At this time, Pac-12 Commissioner George Kliavkoff was using Doug Pearlman to negotiate his potential next television contract. Pearlman is the founder and CEO of Sports Media Advisors, a boutique advisory firm which he has operated since 2009. Pearlman and Kliavkoff have a relationship that dates back to their days at University of Virginia Law School. While his resume included senior roles at the NHL and IMG, a deal of this magnitude may have been more than he could handle.

The Big 12 was already off and running with Endeavor, a multi-billion dollar firm with over 7,000 employees. While the Pac-12 was misreading the market, the Big 12 Conference jumped in, didn’t over or under ask, and agreed to a fair deal.


Less than one month after hiring Endeavor, the Big 12 had a new media rights deal with FOX and ESPN. The six-year media rights agreement was reported as being worth a total of $2.28B, an annual average of $380M. The Big 12, which has two years remaining on its current deal, runs through the 2024-25 season at an annual average of $220M in its final years. The new six-year extension runs through 2030-31.

According to an industry source, Brett Yormark’s relationships in the business, combined with the universities trusting him and his judgement, meant the Big 12 was unified in its approach, along with its member institutions, which expedited the process to get this deal done. Yormark’s background speaks for itself, dating back to his time with NASCAR, helping negotiate its deal with Nextel, which was the largest naming rights deal at the time.

As a result, by completing this new TV deal prior to the exclusive negotiating window with ESPN and Fox, the Big 12 received stability and security, which gave them a chance to go seek an extended grant of rights with their member institutions and a leg up on any future conference expansion. In addition, with the shorter deal, the Big 12 will be back in the market ahead of both the SEC, whose deal with ESPN goes through 2034, and the ACC, whose ESPN deal expires in 2036.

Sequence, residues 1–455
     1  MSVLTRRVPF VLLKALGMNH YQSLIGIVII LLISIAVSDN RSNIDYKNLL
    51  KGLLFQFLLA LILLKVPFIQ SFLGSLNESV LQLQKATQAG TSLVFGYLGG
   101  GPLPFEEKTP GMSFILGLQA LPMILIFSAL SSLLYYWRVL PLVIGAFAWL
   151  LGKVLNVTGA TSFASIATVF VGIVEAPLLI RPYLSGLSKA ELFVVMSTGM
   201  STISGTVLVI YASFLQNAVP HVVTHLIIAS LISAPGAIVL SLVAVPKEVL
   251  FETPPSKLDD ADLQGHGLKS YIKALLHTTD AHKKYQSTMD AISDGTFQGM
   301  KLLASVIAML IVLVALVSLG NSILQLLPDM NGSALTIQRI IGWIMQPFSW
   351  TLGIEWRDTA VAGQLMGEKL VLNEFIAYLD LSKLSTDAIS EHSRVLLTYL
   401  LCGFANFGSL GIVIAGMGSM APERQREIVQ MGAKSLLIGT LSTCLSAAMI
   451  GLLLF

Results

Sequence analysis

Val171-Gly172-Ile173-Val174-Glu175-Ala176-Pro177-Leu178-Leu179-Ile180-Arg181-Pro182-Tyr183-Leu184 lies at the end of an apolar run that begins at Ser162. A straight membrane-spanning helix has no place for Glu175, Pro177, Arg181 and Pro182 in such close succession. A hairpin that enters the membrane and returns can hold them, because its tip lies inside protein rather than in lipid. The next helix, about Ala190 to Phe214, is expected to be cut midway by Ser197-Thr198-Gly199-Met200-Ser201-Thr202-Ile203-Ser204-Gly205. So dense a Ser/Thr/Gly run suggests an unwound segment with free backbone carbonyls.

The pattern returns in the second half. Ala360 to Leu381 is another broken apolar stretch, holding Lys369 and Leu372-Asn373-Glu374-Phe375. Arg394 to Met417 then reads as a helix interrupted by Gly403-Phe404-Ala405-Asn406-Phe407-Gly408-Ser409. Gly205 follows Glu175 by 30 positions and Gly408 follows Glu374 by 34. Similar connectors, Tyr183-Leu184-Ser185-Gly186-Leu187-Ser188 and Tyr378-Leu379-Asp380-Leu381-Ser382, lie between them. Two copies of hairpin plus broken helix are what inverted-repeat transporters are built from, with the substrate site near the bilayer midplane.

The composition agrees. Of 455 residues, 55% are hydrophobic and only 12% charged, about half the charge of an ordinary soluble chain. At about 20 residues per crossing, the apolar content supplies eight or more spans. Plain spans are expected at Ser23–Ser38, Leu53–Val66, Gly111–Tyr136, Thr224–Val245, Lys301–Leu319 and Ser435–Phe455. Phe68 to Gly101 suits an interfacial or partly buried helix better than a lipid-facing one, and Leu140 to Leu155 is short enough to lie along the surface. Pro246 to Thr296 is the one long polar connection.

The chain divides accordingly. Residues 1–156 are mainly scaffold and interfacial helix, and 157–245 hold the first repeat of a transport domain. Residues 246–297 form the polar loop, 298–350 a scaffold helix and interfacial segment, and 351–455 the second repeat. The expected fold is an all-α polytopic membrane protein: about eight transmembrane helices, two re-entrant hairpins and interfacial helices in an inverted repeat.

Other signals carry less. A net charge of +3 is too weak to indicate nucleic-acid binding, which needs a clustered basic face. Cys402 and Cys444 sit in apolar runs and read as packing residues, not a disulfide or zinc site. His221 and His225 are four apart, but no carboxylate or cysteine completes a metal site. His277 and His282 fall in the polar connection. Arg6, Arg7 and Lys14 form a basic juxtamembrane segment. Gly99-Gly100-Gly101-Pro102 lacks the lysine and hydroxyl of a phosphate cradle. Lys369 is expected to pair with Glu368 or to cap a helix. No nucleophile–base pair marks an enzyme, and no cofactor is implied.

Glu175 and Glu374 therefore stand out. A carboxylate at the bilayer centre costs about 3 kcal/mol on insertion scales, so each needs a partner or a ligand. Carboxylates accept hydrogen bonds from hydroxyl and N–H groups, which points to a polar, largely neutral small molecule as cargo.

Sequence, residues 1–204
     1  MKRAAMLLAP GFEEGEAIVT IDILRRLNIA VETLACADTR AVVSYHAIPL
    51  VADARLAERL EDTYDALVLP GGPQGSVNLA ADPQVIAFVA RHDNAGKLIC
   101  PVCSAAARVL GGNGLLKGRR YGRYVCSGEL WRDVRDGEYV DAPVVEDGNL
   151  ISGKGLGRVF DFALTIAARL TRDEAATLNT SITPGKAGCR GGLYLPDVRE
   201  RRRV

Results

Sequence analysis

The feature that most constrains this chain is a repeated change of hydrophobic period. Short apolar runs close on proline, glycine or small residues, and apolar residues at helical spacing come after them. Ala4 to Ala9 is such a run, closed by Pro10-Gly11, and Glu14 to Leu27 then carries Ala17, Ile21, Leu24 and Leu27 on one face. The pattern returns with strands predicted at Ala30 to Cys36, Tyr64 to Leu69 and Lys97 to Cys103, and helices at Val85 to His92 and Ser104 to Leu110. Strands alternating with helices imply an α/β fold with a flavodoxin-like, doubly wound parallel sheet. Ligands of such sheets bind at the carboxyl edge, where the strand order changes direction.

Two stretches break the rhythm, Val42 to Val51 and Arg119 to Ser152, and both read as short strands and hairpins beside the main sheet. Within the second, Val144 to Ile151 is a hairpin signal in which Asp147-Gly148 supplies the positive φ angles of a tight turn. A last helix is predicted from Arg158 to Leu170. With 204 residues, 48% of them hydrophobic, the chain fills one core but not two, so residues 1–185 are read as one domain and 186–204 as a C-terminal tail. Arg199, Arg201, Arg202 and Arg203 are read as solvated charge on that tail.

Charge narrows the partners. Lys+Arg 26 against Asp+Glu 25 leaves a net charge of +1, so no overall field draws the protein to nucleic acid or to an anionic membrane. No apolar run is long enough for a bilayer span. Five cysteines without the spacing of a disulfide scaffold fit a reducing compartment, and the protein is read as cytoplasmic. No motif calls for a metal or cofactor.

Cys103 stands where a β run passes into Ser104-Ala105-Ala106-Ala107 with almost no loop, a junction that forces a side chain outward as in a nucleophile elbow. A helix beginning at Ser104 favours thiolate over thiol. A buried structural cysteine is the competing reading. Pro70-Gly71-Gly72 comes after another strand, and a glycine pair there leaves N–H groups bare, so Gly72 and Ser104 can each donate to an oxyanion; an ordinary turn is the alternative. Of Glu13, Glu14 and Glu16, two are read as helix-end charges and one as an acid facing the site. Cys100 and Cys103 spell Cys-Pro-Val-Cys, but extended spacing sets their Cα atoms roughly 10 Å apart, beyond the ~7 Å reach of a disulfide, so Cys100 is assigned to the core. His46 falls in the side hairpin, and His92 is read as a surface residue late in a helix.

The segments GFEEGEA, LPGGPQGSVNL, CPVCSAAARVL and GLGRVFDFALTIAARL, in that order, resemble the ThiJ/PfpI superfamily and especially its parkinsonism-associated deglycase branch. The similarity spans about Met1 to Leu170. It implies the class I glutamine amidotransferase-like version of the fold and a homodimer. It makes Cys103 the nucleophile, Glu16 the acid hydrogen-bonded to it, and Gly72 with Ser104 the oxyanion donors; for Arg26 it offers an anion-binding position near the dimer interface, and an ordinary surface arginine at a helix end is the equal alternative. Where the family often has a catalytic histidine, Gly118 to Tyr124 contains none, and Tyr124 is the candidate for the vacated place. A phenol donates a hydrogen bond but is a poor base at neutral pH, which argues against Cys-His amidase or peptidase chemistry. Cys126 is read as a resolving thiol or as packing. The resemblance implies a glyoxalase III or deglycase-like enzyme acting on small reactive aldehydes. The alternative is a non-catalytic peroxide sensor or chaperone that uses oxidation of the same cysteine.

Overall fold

A Flailing Pac-12

Fast-forward to October, and the Pac-12’s negotiation with ESPN and FOX failed and headed to the open market. Now, as the calendar turns to 2023, the media landscape is in a much different place than it was even six months ago. The advertising industry is off to a slow start and media companies are preparing for an economic downtown.

As a result, companies are looking at their assets and asking themselves: “What do we need?”

As an industry source noted earlier, if the Pac-12 is not appointment viewing, do they have the leverage needed to get a megadeal done?

The league has bounced around the idea of expansion, with no clear message or plan on when, who or how additional members would be needed to satisfy a television network’s needs and wants.

The clock is ticking, and as each day passes without a TV deal for the Pac-12, expansion remains viable and on the table and the Big 12 continues to run laps around the Pac-12. At one time, the Big 12/Pac-12 debate was a worthy one when it came to the futures of each conference.

Now? It’s not close.